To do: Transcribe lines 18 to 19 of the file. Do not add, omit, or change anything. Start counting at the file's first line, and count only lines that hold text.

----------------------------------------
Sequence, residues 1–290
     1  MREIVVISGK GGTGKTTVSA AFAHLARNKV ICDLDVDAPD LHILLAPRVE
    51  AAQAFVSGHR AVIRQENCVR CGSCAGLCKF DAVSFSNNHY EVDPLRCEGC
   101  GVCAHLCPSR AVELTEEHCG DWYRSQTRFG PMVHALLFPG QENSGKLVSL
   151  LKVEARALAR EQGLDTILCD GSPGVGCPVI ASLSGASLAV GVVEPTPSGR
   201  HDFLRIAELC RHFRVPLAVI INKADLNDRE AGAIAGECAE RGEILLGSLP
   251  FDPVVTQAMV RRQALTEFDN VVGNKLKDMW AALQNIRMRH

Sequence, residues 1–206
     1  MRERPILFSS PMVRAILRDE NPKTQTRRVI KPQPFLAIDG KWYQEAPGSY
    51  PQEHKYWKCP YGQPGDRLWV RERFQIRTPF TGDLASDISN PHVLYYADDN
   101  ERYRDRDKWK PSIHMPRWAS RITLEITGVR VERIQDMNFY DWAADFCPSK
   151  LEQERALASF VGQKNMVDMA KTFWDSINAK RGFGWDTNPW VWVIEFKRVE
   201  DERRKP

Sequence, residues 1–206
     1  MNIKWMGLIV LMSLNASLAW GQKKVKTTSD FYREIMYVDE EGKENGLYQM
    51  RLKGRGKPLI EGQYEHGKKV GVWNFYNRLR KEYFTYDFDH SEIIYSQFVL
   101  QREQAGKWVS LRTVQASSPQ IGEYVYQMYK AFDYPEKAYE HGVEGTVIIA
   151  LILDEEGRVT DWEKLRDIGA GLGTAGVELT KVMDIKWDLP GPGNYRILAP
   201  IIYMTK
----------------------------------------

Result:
   151  LILDEEGRVT DWEKLRDIGA GLGTAGVELT KVMDIKWDLP GPGNYRILAP
   201  IIYMTK